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Second to that is seeing travel companies making a conscious effort to lift up their women employees, giving them the support they need to thrive.
Which is why we’re fangirling P&O Cruises this morning.
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That’s enough self-promotion for now. Back to P&O.
According to the Nautical Institute, women only make up two per cent of the world’s seafarers. Which is why they were pleasantly surprised when they walked on board P&O’s Pacific Explorer to conduct a Women in Maritime event only to be met face to face with the future it seeks to achieve.
The Institute was welcomed by six third officers who are currently taking part in a special mentoring program on Pacific Explorer on their path to becoming senior deck officers on Carnival Australia-brand cruise ships.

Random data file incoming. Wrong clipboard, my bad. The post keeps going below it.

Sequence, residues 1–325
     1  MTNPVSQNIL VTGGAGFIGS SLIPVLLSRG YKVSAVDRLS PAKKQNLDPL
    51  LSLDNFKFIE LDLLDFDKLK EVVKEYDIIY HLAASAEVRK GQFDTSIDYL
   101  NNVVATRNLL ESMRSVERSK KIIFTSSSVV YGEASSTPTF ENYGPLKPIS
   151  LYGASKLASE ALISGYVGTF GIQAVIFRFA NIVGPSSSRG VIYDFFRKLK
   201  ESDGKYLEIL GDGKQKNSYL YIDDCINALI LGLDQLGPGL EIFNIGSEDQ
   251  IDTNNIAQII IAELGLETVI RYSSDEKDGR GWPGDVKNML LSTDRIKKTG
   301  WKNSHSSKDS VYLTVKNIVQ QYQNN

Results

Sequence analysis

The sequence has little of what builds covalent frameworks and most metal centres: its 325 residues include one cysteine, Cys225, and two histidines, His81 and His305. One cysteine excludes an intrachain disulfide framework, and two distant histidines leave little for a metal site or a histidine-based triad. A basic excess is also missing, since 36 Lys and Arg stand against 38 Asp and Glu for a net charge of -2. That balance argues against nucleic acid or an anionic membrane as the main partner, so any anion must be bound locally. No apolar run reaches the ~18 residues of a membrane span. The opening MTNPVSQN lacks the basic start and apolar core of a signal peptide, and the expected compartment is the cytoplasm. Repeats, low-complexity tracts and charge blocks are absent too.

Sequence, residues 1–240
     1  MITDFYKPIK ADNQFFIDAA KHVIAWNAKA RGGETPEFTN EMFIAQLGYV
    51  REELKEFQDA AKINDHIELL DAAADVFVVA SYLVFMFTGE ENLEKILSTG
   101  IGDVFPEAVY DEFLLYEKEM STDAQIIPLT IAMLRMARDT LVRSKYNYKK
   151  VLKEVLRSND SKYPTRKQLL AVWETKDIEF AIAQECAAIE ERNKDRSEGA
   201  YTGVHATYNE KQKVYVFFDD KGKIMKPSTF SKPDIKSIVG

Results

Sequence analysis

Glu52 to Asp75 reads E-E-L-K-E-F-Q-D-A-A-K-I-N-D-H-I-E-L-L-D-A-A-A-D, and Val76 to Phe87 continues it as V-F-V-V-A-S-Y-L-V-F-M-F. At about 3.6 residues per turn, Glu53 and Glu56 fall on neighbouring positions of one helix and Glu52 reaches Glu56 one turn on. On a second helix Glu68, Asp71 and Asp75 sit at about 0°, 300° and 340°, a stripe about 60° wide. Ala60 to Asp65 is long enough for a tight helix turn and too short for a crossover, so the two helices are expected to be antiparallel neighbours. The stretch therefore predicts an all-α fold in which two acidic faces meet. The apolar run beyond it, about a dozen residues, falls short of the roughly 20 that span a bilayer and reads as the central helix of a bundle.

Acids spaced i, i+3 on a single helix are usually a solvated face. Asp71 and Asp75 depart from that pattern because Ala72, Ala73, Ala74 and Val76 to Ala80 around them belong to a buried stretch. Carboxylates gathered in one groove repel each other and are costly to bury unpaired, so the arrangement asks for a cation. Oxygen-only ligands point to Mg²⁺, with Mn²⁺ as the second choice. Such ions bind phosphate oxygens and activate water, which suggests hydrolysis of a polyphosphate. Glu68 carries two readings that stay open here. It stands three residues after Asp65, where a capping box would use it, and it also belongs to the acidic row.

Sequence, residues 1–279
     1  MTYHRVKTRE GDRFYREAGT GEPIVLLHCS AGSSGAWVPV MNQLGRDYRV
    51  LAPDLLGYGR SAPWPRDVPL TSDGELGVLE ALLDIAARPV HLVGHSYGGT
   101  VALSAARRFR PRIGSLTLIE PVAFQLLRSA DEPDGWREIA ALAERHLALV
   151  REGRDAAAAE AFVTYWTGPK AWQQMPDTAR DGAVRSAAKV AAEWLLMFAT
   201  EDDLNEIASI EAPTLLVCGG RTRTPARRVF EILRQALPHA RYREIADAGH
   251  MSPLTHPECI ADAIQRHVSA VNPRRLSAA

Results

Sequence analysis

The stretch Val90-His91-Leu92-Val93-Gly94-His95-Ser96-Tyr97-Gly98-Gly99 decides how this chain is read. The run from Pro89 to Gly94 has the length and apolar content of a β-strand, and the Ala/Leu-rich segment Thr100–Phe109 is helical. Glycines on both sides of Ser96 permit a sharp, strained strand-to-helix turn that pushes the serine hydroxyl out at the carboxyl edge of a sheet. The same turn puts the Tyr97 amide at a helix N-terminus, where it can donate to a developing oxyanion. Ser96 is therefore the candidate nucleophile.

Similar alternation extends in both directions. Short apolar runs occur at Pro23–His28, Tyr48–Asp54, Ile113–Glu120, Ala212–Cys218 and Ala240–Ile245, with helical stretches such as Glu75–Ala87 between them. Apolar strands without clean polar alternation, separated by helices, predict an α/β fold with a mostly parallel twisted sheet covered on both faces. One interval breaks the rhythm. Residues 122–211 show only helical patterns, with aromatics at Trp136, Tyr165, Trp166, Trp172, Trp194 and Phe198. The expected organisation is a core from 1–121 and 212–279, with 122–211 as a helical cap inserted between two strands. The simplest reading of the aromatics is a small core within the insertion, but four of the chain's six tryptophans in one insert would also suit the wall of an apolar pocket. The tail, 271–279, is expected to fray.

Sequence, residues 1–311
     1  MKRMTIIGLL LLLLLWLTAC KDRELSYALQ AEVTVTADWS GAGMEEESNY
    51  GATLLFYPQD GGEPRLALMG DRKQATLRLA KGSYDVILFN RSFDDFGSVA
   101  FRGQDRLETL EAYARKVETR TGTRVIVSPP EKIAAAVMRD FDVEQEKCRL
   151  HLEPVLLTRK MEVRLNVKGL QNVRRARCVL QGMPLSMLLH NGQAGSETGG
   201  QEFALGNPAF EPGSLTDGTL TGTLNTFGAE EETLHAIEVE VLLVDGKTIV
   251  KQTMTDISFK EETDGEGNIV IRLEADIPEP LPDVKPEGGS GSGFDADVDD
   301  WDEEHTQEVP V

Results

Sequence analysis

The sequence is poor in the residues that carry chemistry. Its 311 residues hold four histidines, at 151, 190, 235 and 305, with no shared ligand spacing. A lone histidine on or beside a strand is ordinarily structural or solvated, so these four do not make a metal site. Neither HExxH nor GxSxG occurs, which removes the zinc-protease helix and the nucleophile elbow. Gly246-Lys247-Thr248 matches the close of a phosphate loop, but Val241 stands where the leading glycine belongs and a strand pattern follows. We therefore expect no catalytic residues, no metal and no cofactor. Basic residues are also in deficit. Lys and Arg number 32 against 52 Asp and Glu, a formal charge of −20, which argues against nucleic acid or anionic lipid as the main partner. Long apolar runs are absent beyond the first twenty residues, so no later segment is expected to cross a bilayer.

The six, pictured here with Pacific Explorer Hotel Director Melissa Yates (centre), are (left to right) Hilary Cassano, Laura Abbruzetti, Rachel Davies, Lauren Brunton, Bryony Rodger and Emma Forbes-Gearey.
All have previous experience on cargo ships, bulk carriers or offshore rigs and are now participating in a program to ensure more women have opportunities to take their place as professional mariners.
They are being supported onboard Pacific Explorer by accomplished Hotel Director, Melissa Yates, the daughter of a recently retired ship captain, who worked her way through the hotel operations ranks to her current senior position.
“There are many women working on cruise ships and, during my years at sea, I have always been and felt accepted as part of the team,” Melissa said.
“But it is distressing when I hear women tell me that their experience was quite different in other areas of shipping. It makes me realise how fortunate I have been.”
The Nautical Institute is trying to raise awareness of the need to achieve greater gender balance by addressing barriers that can discourage women from seeking careers at sea.